Lesson 5 – Depth of Field

Depth of field - also sometimes known as depth of focus (although that does has a different technical meaning - some people use that term) - is an area many photographers feel some confusion over.

By changing the aperture in the lens, you can make the resulting picture have more of the picture in focus from near to far, or you can limit the picture's focus on one place.

At ƒ1.8, the focus point will be much more defined with things in front of and behind the subject becoming softer looking the further from the subject they are. This is a very nice way to bring attention to the subject.

At ƒ22, the focus will seem to be sharp from very close to the camera to pretty much infinity. This is great for giving a sense of the place you shot the image, or for including many people in the image and keeping everyone clearly in focus.

However, there are limits to how that will appear in the final image.

Exercise: Find a subject/object that is still or will be in one place for a couple of minutes. Stand about 2 feet from the subject and focus on it. Set your ƒstop to 1.8 (or a close as possible to that based on the light) and set the shutter speed to get a proper exposure according to your meter. You can set the camera to Exposure Priority (AV mode) and let the camera set the shutter speed automatically. You should be using  50 mm lens or a zoom lens set to about 50 mm.

Now set your ƒstop to 16 and change the shutter as needed.

Step back to about 10 feet from your subject and re do the above settings - first at ƒ1.8 then at ƒ16.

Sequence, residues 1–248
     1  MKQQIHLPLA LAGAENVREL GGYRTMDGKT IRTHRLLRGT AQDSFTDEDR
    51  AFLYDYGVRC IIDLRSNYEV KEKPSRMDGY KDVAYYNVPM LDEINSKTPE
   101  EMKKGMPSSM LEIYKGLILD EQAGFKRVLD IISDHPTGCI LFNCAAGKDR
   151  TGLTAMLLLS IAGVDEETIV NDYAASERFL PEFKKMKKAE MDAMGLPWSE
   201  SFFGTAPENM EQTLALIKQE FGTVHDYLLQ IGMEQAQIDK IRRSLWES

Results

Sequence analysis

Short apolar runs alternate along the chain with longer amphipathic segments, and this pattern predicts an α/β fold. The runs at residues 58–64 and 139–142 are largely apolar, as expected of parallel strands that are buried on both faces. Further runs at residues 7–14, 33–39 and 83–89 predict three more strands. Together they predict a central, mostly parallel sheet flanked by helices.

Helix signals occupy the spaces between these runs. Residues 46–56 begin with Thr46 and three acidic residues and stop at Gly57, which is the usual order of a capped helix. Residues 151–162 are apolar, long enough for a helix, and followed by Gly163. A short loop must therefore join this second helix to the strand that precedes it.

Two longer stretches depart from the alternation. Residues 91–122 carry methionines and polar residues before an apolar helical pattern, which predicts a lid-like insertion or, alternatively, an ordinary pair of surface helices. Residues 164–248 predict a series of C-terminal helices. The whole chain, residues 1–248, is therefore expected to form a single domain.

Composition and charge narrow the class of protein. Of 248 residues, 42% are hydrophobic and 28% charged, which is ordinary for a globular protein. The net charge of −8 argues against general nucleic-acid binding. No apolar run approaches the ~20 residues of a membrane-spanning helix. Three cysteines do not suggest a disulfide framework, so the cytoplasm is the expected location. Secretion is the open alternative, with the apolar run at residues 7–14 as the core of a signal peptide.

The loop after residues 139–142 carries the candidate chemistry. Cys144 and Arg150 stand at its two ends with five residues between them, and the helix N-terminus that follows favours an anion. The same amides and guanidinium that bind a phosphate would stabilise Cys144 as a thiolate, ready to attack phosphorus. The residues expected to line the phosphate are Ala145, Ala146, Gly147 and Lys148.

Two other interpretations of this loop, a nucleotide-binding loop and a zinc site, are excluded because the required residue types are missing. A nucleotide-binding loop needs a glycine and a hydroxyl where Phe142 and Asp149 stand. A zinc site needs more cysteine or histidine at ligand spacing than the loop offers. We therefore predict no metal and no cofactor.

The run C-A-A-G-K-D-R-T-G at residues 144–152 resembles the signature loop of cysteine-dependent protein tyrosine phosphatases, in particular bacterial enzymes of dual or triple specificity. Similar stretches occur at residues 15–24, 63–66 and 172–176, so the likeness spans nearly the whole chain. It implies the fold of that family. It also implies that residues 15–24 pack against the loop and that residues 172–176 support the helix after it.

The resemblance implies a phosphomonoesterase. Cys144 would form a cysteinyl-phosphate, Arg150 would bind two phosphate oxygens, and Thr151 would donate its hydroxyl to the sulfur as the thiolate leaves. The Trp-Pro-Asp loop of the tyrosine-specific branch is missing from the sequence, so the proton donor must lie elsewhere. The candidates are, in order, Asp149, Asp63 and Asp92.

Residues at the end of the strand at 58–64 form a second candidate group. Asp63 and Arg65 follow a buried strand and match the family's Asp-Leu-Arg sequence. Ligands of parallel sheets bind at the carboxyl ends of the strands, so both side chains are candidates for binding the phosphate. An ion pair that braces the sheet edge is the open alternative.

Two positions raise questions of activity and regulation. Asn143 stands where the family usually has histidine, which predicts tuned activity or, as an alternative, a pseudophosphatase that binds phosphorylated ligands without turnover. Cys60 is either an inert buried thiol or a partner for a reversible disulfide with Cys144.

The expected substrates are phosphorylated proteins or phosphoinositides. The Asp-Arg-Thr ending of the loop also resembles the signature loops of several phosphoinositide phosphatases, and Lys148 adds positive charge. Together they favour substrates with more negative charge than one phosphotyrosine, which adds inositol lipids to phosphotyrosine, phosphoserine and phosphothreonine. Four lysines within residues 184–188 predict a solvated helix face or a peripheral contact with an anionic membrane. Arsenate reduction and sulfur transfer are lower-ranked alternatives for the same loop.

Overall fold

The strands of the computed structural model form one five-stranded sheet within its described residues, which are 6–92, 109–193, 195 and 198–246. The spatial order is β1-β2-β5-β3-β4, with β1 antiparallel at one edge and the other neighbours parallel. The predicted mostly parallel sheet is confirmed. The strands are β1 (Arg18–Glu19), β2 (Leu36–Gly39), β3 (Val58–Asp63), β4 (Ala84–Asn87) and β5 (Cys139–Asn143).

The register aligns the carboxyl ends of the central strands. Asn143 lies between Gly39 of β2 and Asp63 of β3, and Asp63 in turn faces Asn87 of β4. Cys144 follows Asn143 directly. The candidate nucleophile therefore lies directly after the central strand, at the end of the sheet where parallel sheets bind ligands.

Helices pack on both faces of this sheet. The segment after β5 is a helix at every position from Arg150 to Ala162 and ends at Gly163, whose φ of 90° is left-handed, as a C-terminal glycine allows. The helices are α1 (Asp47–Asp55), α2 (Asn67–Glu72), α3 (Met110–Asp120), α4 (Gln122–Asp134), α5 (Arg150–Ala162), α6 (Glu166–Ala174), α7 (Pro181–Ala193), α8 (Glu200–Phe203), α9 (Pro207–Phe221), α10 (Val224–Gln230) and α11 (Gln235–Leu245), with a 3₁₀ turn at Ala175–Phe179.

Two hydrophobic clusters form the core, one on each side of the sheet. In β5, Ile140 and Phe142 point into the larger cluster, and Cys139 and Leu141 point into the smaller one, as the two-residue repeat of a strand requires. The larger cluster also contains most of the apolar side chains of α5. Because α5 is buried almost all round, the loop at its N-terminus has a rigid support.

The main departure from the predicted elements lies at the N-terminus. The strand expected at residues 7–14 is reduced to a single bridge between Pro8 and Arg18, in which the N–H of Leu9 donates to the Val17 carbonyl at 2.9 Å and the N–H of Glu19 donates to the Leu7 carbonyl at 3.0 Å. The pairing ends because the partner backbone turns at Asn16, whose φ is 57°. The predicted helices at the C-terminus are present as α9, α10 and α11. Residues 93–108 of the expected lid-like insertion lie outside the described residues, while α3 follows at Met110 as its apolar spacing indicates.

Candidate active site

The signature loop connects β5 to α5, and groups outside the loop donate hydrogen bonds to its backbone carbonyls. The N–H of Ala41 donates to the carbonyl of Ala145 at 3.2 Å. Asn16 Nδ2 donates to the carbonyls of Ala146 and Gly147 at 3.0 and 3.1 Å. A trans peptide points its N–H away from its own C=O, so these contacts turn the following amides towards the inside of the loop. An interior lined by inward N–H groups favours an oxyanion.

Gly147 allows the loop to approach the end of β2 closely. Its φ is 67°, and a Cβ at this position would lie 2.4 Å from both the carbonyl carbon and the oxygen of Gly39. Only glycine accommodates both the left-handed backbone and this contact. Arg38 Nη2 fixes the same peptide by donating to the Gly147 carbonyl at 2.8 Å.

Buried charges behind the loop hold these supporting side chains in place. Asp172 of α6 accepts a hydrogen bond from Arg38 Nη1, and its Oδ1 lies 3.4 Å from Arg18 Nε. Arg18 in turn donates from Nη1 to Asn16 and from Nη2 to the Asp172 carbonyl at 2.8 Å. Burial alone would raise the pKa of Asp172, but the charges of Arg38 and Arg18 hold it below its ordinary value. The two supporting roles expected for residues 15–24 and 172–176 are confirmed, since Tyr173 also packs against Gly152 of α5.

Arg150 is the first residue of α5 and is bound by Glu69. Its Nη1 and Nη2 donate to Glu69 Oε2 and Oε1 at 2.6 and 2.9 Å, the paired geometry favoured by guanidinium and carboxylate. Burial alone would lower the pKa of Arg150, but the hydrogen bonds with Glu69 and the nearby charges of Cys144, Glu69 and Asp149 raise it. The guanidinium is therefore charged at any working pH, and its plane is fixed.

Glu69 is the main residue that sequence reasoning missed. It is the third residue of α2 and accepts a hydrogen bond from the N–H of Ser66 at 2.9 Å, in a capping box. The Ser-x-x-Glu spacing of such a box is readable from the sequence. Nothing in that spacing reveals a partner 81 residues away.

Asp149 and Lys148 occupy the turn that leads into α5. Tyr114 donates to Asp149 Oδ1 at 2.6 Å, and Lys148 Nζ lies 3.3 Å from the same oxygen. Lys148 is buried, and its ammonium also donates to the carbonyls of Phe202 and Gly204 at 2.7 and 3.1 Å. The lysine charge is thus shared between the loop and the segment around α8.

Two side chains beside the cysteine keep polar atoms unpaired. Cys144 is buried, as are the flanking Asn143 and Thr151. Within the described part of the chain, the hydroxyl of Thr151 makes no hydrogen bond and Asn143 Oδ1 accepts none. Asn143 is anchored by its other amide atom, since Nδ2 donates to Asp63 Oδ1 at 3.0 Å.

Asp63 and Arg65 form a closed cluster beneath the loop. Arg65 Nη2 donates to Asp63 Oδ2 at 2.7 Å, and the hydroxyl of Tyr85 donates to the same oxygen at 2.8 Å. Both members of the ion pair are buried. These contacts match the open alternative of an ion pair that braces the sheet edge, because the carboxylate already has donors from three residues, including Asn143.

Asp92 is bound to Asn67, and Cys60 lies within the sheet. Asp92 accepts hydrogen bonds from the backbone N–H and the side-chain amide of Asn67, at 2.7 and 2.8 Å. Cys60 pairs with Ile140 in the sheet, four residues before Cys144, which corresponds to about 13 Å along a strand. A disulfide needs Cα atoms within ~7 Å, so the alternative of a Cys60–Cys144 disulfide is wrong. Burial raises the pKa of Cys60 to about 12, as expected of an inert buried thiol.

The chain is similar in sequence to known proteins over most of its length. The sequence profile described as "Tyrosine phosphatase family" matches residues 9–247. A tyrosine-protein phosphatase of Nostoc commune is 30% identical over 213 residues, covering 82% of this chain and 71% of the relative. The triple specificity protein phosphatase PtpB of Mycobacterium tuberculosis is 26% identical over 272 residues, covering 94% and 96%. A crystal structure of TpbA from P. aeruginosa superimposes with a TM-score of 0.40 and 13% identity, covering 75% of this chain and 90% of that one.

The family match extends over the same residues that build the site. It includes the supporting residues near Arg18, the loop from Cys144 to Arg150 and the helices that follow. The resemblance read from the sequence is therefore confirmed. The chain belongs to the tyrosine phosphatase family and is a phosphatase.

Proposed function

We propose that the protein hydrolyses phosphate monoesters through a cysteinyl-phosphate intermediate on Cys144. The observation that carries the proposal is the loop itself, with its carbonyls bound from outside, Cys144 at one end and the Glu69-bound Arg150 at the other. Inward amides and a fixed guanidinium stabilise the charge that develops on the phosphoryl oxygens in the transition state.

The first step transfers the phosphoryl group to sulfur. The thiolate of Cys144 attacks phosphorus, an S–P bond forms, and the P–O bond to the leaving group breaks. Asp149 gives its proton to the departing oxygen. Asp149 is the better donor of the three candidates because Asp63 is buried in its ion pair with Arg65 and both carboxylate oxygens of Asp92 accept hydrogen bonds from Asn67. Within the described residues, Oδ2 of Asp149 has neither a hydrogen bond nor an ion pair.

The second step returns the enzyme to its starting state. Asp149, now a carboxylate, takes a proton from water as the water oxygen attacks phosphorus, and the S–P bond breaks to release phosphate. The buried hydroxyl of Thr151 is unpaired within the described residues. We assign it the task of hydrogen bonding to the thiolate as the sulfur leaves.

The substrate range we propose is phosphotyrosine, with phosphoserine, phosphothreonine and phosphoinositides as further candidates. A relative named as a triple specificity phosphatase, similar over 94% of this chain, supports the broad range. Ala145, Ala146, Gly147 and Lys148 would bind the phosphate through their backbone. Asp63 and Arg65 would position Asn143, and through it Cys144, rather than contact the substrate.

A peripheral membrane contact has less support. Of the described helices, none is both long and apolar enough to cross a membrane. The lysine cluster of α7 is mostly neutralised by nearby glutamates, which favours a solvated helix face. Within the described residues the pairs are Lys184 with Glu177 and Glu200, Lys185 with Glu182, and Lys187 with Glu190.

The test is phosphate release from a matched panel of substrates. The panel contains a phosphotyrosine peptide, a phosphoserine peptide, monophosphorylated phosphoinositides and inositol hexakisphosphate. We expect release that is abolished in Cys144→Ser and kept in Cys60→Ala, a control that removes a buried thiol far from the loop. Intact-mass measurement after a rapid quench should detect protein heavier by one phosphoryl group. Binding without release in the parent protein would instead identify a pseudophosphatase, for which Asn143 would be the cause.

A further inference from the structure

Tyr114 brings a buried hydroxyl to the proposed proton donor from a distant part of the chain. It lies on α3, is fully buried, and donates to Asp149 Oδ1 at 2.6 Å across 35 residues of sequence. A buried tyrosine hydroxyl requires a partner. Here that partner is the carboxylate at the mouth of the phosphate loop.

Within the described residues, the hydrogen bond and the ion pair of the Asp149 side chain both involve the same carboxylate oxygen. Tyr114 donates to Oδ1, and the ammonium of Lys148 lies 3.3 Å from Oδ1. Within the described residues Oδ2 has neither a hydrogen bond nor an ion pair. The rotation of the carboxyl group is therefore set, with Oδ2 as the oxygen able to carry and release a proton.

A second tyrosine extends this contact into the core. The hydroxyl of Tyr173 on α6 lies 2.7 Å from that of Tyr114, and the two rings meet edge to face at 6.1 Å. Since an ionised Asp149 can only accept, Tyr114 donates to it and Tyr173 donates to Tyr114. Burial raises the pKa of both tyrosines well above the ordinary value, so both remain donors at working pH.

To really push this exercise, try all the above steps with different lenses or at different lengths if you have a zoom lens - i.e.. try it at 35 mm and at 200mm, or whatever your zoom lens range is.

PS - a related subject is Bokeh which is a taken from a Japanese word 'bokeh' which roughly means blur or haze. When a photographer says an image has 'good bokeh' he means the out of focus areas have a smooth quality. Different lens and camera combination have different qualities of bokeh.

Next Lesson: How the shutter can affect your image

20 thoughts on “Lesson 5 – Depth of Field”

  1. Take your photgraphy even further after exploring the classes here - sign up for the Photography Masterclass Click Here!
  2. Pingback: Aperture HELP
  3. hi, you did well, very useful lessons..my question is,can photoshop and the smart new digital cameras make the art of photography for all peopel and easy to do .

    1. That is a great question, and the short answer is ‘yes – it’s easy to create BAD art with modern cameras and photoshop.’

      However in striving to create art that communicates the message you intend and create the emotional impact you want to achieve – as well as stand up to the test of time, the most important part of the camera is ‘still’ the seven inches BEHIND the viewfinder.

      Yes, modern cameras make it easier to take snapshots and get the technical side done reasonably well (although it still falls short in some situations) and photoshop can certainly enhance a good picture – but neither REPLACES your mind, your ‘vision’ of what you’re trying to communicate, or you soul – that indefinable thing that makes your pictures into “your” pictures.

      It has been my experience that as you practice photography, it gets easier and easier to get the picture to communicate your ideas, your message, you vision.

      There is nothing wrong with taking snapshots – they are personal records of people, times and places we experience – those things we want to remember and share. Snapshots enrich our lives and serve as mementos to where we have been and what we have done.

      Sometimes, when we pursue creating art in photography, we forget to relax and enjoy the people, times and places we are experiencing.